Fresno building permit numbers for October have not been released yet, but the September report shows 66 new home permits were issued that month. In August, builders pulled 111 permits.
Community Services Employment Training will hold a free First-time Homebuyer workshop in Visalia on Nov. 2.
The daylong event will provide buyers with information about the homeownership process and downpayment assistance.
Low-income buyers who are interested in purchasing a home within the city should also attend to learn if they qualify for the city’s gap financing program, or second mortgage, which can be used as part of a downpayment on a home.
The workshop will be held from 8 a.m. to 4:30 p.m. at the CSET office, 312 N.W. 3rd Ave. To reserve a seat or for more information, call (559) 741-4641.
The pace of Fresno County’s home price appreciation is slowing down, but the median home price of an existing single-family home still inched up higher in September compared to the month before, a monthly report said.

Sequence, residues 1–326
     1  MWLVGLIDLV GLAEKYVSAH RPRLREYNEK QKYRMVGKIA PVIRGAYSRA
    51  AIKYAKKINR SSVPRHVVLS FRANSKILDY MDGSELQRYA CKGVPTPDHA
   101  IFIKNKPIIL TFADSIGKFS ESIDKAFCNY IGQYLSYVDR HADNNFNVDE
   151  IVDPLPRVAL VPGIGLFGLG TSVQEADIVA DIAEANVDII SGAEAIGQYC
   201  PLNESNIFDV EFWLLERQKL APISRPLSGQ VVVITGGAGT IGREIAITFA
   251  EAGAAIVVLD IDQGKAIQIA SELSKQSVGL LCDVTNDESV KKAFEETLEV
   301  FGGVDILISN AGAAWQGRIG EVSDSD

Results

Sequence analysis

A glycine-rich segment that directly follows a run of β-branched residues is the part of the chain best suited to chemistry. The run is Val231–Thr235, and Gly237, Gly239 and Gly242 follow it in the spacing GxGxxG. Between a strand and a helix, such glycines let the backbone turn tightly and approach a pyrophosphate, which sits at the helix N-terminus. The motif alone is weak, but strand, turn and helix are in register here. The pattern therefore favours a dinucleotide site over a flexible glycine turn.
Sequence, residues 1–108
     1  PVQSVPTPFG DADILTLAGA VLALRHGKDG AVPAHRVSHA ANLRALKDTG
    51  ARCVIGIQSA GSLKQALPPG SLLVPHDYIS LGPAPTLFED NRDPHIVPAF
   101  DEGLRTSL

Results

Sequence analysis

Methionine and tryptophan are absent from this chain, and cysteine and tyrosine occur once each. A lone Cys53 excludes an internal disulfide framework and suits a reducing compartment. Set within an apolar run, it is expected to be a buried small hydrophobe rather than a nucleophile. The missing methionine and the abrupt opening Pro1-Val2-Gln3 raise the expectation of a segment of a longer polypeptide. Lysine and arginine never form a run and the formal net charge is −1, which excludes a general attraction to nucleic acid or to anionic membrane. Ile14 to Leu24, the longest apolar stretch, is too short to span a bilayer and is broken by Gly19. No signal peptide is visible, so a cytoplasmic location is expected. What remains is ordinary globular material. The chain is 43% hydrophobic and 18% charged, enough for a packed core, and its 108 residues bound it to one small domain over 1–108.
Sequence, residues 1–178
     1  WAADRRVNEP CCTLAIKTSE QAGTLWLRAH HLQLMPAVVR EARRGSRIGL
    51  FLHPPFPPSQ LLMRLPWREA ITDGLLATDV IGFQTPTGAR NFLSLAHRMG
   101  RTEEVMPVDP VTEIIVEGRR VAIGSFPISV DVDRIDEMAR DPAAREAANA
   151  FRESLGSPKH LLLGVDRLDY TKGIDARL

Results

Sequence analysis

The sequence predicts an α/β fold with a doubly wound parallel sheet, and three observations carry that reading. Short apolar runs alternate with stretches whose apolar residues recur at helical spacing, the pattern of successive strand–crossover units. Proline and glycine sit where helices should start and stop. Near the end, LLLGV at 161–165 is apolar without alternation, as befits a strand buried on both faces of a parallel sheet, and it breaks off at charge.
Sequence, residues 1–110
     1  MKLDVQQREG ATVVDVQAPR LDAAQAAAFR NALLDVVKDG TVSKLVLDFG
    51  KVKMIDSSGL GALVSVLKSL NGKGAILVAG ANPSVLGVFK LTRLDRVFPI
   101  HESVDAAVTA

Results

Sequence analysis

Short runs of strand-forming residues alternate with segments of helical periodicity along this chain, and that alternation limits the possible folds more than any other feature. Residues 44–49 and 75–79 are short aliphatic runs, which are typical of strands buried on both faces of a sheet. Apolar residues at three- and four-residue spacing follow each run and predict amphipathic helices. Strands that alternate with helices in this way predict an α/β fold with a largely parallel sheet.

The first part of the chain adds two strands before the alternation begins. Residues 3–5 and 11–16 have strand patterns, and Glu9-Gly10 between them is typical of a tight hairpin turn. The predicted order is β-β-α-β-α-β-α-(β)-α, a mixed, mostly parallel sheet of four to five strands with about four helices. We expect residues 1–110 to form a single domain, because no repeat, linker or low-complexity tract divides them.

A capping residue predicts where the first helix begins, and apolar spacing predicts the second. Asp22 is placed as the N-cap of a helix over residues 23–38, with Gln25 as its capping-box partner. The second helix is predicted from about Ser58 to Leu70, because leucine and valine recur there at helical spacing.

The median home price of a home in Fresno was $185,830 last month compared to $184,000 in August, the California Association of Realtors monthly housing report said.
In September 2012, the median home price was $159,130.
Madera and Tulare counties followed a similar trend with home prices increasing nearly 12% and 3.2% month-over-month respectively. Kings County, however, saw an 8.4% fall in home prices.
State Sen. Andy Vidak, R-Hanford.
State Sen. Andy Vidak, R-Hanford, is taking his anti-high-speed rail show on the road, launchng what he calls his “Whistle-Stop-the-High-Speed Rail” tour.